Today we’d like to introduce you to Asha Thompson.
Asha, can you briefly walk us through your story – how you started and how you got to where you are today.
I’ve been singing pretty much since I could talk and writing poetry and songs since I could read. Literally, every artist and musician says this, but I’ve always loved music. I’ve always been in my head – I overthink everything, all the time – and since I was little, my favorite way to make sense of a situation or at least try is to make a dramatic narrative out of it in my head. Like when you’re on a long road trip and imagine you’re in a music video for whatever’s playing on the radio as you pass all the signs and stuff? When I was little, I did that with everything.
I just had all these songs in my head all the time, and all these feelings in my heart, and somewhere in the middle they met up and now they spill out of my mouth. I try to tell the stories so that they can’t live and take up space in my head anymore. I had awful stage fright actually, up until 2 years ago. Before 2017 you couldn’t have gotten me to record a lick of my own writing; I wrote a lot of original stuff, even fringe genre stuff and stupid song parodies just as creative exercises – but I was very sensitive about all of it, it was so personal to me. I didn’t want to share it with anyone but also was terrified that people would be critical of it. I was confident enough to do karaoke in front of my family growing up, and then at bars when I got old enough to kill my shyness with alcohol; and a couple of times in college, I performed covers at open mics. I always started off shaky because of nerves, I hated my voice.
In 2017 though, my best friend was in production school and needed live vocals for a homework assignment, so she asked for my help. I thought of course that only she would hear it, maybe a teacher or a couple of classmates – I was not expecting it to get the feedback that it got. We did a cover of “Tell Me” by Groove Theory. It was my first experience in a real recording booth, I was petrified! After that, a couple other friends who were also in recording school wanted to use me for homework and their own personal projects, so I started out writing hooks and recording features for other artists. After a few months of that, I decided I was ready to start recording my own songs, so I asked my best friend to record me and people really liked it. We ended up making an album together, called “In My Feelings”.
We even gave ourselves a band name, 4308. After that, no more stage fright… I was still apprehensive about writing for other people because writing is so personal for me, but that’s the next hurdle I plan to jump. I write a lot of songs for singers that just aren’t me, I hear a song in Jhene Aiko’s voice or Kehlani’s voice or Beyonce’s voice, I hear runs in my head and write notes that I can’t even hit. So I should give that stuff away, share it with others, you know? I’ll get there. I have an EP out now, called “Coded.” and a few other 4308 singles and features out. I have another album on the way as well, so things are good! Music is and has always been, the only thing in my life that I feel is mine, and that I feel good at. Now that I’ve started sharing my songs with people I don’t want to stop.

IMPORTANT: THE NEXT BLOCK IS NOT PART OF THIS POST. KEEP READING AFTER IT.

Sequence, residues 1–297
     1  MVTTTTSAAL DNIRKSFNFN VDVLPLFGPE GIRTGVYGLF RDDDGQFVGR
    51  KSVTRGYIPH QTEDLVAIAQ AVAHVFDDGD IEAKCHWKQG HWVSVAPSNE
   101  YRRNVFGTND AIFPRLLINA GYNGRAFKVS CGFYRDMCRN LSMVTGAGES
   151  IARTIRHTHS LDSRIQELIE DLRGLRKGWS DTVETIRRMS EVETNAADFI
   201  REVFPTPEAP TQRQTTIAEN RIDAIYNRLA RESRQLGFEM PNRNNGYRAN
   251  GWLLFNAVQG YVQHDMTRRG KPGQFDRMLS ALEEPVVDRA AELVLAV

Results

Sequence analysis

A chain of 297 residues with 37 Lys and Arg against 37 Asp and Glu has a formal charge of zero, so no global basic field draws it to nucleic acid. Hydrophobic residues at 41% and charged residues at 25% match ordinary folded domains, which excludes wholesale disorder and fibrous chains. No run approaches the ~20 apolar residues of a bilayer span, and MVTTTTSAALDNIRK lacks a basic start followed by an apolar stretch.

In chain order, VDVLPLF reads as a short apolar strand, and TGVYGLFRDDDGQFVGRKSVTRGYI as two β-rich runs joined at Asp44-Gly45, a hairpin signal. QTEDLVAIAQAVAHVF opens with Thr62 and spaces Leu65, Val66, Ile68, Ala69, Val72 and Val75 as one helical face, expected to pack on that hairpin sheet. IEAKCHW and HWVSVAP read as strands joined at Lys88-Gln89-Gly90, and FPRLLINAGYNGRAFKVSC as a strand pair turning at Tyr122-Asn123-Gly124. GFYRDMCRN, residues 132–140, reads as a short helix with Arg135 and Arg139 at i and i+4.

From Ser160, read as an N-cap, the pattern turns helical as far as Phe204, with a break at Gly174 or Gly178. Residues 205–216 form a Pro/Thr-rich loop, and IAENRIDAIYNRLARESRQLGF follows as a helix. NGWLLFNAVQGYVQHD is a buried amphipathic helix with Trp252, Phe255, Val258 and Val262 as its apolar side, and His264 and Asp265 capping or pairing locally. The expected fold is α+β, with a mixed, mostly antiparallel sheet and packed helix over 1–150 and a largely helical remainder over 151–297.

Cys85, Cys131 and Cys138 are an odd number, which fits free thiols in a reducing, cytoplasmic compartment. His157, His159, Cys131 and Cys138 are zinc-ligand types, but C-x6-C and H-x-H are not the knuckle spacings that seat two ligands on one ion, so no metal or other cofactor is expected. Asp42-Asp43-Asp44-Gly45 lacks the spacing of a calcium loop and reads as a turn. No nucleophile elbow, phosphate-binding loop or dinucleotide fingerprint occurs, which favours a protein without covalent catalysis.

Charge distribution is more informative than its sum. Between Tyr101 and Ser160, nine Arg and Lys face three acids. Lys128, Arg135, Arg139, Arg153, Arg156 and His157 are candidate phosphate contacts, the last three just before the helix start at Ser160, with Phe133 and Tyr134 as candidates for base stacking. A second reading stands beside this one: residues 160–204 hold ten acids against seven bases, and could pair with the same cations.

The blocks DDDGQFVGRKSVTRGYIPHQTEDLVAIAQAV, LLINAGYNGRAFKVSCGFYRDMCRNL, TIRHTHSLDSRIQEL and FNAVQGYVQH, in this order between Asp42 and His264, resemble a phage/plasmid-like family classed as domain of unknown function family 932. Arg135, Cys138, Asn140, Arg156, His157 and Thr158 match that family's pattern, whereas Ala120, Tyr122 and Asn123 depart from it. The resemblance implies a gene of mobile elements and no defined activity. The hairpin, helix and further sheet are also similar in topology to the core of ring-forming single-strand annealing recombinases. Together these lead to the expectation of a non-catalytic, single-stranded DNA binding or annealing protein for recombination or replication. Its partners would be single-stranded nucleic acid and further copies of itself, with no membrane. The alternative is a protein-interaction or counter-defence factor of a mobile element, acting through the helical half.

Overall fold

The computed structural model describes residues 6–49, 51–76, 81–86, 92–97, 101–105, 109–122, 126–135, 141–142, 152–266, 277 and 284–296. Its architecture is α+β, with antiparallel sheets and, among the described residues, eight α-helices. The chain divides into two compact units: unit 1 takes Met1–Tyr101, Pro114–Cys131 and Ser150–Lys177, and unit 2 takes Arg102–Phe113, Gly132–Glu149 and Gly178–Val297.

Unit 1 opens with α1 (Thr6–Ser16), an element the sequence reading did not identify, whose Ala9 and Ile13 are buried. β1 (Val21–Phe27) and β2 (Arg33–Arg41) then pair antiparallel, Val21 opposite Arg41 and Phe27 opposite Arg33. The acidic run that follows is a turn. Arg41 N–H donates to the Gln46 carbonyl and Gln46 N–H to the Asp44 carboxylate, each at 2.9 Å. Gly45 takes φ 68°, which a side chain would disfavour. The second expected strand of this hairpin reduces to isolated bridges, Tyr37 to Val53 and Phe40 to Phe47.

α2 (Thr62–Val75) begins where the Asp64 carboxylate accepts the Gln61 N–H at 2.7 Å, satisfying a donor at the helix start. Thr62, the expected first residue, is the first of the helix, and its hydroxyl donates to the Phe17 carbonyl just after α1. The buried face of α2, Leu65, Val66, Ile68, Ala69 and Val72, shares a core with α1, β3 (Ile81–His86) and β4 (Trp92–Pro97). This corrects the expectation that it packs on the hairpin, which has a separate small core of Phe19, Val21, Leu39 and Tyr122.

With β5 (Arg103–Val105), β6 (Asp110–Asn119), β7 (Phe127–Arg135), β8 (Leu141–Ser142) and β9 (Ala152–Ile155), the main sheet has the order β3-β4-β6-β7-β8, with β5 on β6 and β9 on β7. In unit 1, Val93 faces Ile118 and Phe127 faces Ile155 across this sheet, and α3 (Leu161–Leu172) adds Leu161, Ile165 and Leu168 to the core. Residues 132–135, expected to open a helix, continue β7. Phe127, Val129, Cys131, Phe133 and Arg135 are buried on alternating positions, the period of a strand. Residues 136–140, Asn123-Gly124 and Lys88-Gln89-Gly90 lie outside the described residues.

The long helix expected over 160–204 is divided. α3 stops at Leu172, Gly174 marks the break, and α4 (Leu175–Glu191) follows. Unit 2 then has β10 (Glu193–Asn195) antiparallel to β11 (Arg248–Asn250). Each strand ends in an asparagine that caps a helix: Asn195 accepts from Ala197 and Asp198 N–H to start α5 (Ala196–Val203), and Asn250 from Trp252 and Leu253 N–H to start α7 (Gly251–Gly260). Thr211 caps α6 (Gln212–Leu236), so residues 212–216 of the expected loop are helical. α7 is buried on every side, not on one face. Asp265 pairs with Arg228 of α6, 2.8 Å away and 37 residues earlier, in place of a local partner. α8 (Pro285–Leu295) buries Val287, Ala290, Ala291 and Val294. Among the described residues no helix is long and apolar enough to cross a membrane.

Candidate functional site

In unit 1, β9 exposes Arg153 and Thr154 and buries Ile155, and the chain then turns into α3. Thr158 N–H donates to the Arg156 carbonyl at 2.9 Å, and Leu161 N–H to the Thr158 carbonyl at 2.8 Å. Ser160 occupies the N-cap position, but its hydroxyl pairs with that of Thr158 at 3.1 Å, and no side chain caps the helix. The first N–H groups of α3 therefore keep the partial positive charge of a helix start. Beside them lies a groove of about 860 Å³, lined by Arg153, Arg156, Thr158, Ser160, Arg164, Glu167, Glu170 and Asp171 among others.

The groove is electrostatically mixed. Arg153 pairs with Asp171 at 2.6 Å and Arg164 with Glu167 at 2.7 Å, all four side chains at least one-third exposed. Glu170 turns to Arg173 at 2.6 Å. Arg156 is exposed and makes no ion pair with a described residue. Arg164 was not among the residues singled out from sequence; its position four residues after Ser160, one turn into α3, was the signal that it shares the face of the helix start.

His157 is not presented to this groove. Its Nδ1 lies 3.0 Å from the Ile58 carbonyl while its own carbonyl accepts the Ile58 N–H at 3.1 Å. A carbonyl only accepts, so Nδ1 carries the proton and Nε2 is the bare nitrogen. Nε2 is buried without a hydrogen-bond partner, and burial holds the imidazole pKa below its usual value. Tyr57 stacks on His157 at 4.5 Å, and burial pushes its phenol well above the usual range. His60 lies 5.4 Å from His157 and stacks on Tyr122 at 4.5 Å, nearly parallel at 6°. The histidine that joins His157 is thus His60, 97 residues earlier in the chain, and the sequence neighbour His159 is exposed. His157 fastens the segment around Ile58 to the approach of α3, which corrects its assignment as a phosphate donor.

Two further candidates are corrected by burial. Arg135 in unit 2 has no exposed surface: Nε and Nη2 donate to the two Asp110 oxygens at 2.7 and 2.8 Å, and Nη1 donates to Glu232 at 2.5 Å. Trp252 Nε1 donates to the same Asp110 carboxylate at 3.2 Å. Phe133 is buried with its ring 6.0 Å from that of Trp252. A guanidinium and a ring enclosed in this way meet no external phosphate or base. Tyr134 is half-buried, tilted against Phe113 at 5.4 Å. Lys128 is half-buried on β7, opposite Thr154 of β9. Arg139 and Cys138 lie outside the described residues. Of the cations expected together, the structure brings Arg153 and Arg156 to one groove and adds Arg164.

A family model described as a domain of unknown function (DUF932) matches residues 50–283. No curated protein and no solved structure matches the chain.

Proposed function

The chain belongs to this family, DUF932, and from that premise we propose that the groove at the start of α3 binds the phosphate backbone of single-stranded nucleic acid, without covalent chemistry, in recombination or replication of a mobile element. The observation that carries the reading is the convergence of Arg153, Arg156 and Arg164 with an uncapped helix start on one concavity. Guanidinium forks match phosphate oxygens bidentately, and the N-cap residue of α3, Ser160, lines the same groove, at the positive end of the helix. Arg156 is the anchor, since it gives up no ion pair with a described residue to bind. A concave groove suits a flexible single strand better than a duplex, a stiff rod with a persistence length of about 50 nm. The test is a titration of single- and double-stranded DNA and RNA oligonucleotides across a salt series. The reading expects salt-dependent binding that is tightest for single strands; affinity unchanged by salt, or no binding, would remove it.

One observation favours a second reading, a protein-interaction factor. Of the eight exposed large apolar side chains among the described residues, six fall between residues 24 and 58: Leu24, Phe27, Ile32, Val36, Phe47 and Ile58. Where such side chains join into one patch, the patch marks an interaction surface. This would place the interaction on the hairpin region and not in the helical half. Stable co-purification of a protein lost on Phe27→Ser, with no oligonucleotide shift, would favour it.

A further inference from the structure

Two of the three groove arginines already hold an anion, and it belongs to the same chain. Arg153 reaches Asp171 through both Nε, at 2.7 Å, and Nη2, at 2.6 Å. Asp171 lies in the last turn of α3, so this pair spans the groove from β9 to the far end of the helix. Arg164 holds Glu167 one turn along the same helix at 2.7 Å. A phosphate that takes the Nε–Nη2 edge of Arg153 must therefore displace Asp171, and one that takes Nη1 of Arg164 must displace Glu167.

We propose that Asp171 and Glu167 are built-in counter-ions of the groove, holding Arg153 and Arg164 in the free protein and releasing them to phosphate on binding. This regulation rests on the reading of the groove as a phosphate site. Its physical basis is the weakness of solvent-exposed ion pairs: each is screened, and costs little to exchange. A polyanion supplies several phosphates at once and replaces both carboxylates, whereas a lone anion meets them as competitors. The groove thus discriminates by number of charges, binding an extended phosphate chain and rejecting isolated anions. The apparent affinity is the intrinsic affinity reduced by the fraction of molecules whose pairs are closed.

Has it been a smooth road?
For me, it actually has been pretty smooth. There have been hiccups – there are always hiccups – but I’ve been blessed, truly. I am surrounded by people who are so excited to see me finally making music, that they are willing to do whatever they can to support it and help me get my stuff out there to the world. In two years I think I’ve paid maybe $200 total, for studio time and production/engineering? And that’s not to say I haven’t offered to pay! I have worked with people I would’ve paid thousands of dollars (if I had that kind of money). I’ve encountered so many extraordinarily talented people who I can’t wait to see doing stadiums someday, but so far, every single artist or producer I’ve worked with approached me to collaborate, like I was the prize or something.
It doesn’t feel real at all, to be sought out like that, especially because I’m not really very well-known yet, so it’s actually just a small circle of people in this tiny pocket of a humongous city who know me, and knew me before I started recording, and still believe in me this much. They say the hardest fans to win over are your friends, so I was for sure expecting my friends in the industry to roll their eyes when I said I wanted to start putting music out, but instead I was met with the most amazing team! I know how uncommon of an experience that is! I don’t take it for granted for a second. I haven’t had to work hard at all and I’m sure that will piss some people off, but it’s not because I don’t want to or can’t appreciate hard work; making music just… doesn’t feel like work to me.
Aside from small annoying creative differences in the session – which are par for the course – it’s been a really positive experience for me. I haven’t done everything I want to do yet, but I don’t feel that’s because of obstacles; just timing. They will come. Things will happen when it’s time for them to happen and until then I’m along for the ride and so flattered and honored to be able to work with such great minds and have it not be transactional, to have people tell me that just working with me is reward enough and ask to have my voice or my lyrics in their project. It warms my heart and I honestly have learned so much from every person I’ve worked with so far.